Confirmation Bias: 
The tendency to search for, interpret, favor, and recall information in a way that confirms one’s preexisting beliefs or hypotheses.

The Contact

I fondly remember that afternoon, after all, I was finally able to figure out the perfect way to spend it. I was very excited to go to this Storytelling session organized by a well-known literary society, plus since it was in the afternoon I was saved from hellish Bengaluru traffic. I did look presentable, those were my networking days in the new city. I met a lot of new people, made a lot of contacts, mainly exploited the riches the city was famous for.

I was able to occupy the rear seats in a ventilated and decorated cafe hall. Was second last to join because I remember passing a chair to the last person joining the circle. It was quite a diverse and vibrant circle actually composed of writers, painters, educationalists and some nobodies like me. Then with a brief introduction, they started telling stories around, made us move so that we loosen up and interact.

Now there was this lady, let’s call her Mrs. Oblong (Masking her name with her face structure because this is not a work of fiction and defamation is not my strong suit) who offered me a sandwich since she already had a heavy lunch. You must know, from where I come from you don’t say “NO” to good cheese sandwiches when you have already imagined how their texture would feel over the tongue. Now during the entire time, since we already entered into a food alliance, we kept critically analyzing all the stories that followed.

Post-session we talked, at length about a variety of things. Work, Traffic, Bengaluru city life, Movies, Traffic, My college, Engineering, Traffic and more. She was basically trying to set up a venture that I wasn’t really clear about at that time but it sounded nice. She told me about her husband and how he would be totally thrilled to meet me given that he was a movie buff too. He worked around the same area where I interned. We exchanged contacts and it was a meaningful association. (Yes it was, in a way :P)

Free Lunches

“That’s kind of strange!” This is exactly what I thought when after around 2-3 weeks the lady pinged me up and asked me about my plans for the afternoon. She was proposing a quick meet up in a coffee shop during her lunch break. I knew, nobody actually prefers to call of some random guy whom you met just once, to just talk without any specified agenda. Going by our past conversations I assumed it to be a talk vis-à-vis goals, future plans etc, you know the kind of stuff that gets you all pumped up when you are interning into a new city full of opportunities and reading texts like Rich Dad Poor Dad. We did talk about a lot of things, business ideas, the audacity to disengage from the corporate rut, traffic, goals in life, how money is supreme. It could have been a nice pep talk if recorded. I felt amazing listening to all of it.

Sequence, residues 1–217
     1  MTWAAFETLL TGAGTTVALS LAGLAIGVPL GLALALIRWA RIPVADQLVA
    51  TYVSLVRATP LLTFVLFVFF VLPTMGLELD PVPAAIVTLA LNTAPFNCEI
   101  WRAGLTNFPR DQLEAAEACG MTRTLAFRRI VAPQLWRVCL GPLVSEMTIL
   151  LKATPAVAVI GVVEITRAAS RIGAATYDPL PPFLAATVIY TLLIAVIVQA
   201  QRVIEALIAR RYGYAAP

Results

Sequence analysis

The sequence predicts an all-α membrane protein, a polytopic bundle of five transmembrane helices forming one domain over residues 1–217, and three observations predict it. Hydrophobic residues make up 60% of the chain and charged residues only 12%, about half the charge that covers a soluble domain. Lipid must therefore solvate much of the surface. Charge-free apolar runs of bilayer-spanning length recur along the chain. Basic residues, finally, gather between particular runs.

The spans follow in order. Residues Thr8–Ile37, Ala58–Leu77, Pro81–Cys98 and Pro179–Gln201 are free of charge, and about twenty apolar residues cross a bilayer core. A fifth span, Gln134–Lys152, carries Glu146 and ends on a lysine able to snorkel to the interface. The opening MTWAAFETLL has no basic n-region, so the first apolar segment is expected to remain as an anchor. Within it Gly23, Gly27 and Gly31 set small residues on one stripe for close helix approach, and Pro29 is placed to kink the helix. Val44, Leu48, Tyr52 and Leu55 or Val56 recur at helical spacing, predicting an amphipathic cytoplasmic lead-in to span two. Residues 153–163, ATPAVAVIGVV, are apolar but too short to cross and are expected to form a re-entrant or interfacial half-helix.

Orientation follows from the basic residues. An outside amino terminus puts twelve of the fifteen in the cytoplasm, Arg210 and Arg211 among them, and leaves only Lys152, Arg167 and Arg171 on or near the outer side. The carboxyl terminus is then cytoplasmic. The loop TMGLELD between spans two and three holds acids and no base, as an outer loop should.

A few days later her husband Mr. Oblong pinged me for some snacks over to his company cafeteria. “Conditioned” by the previous pleasant conversation I readily agreed and he had a nice time eating some indigenous bhajia and sipping filter coffee.

It was interesting to note here, that they took out time from their busy schedule just to meet and socialise with me. I mean that is something, isn’t?

The Pitch

The couple kept in touch and constantly sent me motivational Ted Talks and texts. In fact, Mrs. Oblong called me up one evening and told me about a great business conclave that was happening in Bengaluru (She mentioned some high-end hotel as the venue) and asked whether I would be interested in attending that. Apparently, it had a 9000 INR entry ticket but she had an extra pass. Of course, I agreed since I envisioned this opportunity to make some useful contacts. She advised me to “put on my best clothes and look like a millionaire” O.o I was like “I will try!”. A day later she sent me a text message like this:

Weird and flashy WhatsApp message from Mrs. Oblong

Now, although I am a bit inexperienced when it comes to elite business conclaves but this text message too was not a great representative of them either. But I decided to ignore it since I had nothing to lose actually (At least hitherto).